The rebels are defending their positions against Moammar Gadhfai's forces near the oil town of Brega, but one leader says NATO isn't doing enough.
"NATO is not helping us. Gahdafi still gets ammunition and supplies to his forces, that's why he is pushing us back," said Pvt. Mohammed Abdullah, a 30-year-old former member of Gadhafi's army who has joined the rebel side. "We don't know what he would be able to do if there are no airstrikes."
He says there's an overly bureaucratic process, and sometimes airstrikes don't happen until eight hours after rebels have communicated targets.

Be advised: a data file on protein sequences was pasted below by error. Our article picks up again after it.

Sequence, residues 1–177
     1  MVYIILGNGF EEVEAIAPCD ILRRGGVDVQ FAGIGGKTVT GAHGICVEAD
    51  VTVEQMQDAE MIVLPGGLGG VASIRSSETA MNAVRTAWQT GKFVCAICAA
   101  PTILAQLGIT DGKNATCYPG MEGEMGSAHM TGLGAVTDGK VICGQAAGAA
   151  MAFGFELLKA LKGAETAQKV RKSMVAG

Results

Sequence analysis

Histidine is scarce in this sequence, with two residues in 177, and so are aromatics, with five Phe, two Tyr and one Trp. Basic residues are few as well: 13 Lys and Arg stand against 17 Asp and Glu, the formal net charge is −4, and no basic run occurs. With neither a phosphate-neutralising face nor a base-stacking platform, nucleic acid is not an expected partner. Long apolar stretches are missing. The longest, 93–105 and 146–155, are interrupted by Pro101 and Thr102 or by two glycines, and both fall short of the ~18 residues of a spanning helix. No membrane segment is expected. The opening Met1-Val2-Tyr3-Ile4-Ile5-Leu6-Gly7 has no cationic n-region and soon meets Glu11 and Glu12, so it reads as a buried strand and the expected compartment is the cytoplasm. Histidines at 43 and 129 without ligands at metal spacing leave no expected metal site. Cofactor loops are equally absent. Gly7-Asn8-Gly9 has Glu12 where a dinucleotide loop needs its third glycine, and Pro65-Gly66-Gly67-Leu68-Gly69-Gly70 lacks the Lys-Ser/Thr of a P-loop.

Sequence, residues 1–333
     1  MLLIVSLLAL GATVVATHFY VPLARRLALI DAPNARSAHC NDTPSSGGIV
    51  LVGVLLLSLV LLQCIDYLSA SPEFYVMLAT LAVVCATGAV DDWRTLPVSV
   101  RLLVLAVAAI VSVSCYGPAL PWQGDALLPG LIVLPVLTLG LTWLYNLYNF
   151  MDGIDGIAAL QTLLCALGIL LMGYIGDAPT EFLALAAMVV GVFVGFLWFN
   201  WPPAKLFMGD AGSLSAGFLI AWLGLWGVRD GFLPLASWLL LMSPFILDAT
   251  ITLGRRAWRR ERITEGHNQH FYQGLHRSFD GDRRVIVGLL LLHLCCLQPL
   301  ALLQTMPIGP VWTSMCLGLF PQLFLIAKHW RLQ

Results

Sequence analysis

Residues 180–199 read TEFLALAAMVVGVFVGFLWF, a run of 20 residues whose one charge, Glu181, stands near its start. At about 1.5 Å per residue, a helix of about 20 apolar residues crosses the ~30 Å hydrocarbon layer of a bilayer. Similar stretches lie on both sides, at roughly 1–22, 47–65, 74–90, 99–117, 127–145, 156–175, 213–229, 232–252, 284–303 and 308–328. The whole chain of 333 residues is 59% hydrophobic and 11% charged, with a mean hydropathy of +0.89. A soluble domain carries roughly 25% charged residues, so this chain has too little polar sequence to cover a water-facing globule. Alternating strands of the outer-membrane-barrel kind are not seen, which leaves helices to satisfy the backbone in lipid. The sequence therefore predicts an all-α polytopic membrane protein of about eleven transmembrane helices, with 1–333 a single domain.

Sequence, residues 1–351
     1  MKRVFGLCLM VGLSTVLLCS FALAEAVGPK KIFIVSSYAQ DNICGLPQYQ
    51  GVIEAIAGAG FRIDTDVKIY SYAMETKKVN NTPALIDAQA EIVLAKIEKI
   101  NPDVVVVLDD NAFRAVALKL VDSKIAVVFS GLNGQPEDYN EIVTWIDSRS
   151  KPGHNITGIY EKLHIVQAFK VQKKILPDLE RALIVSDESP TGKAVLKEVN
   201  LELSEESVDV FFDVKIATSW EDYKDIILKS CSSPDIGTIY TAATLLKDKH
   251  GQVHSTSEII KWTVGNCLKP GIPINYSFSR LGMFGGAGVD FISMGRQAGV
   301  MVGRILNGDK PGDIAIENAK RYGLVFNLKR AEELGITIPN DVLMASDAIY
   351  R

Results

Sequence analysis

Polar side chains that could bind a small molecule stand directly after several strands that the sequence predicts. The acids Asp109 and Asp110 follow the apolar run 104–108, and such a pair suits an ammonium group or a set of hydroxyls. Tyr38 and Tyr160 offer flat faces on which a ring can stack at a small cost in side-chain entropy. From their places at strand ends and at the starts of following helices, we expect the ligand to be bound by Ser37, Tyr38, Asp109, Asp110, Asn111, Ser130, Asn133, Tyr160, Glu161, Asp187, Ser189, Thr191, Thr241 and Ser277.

NATO says the air operation is working, taking out 30 percent of Gadhafi's military capacity.
French Foreign Minister Alain Juppe defended NATO airstrikes, saying it has become hard to distinguish Gadhafi's forces from civilians and rebel forces.
"The military situation in the field is confused and uncertain and the risk of engulfing exists," he said in a radio interview.
NATO last week took control over the international airstrikes that began March 19 as a U.S.-led mission. The airstrikes thwarted Gadhafi's efforts to crush the rebellion in the North African nation he has ruled for more than four decades, but the rebels remain outnumbered and outgunned and have had difficulty pushing into government-held territory even with air support.
The Associated Press contributed to this report.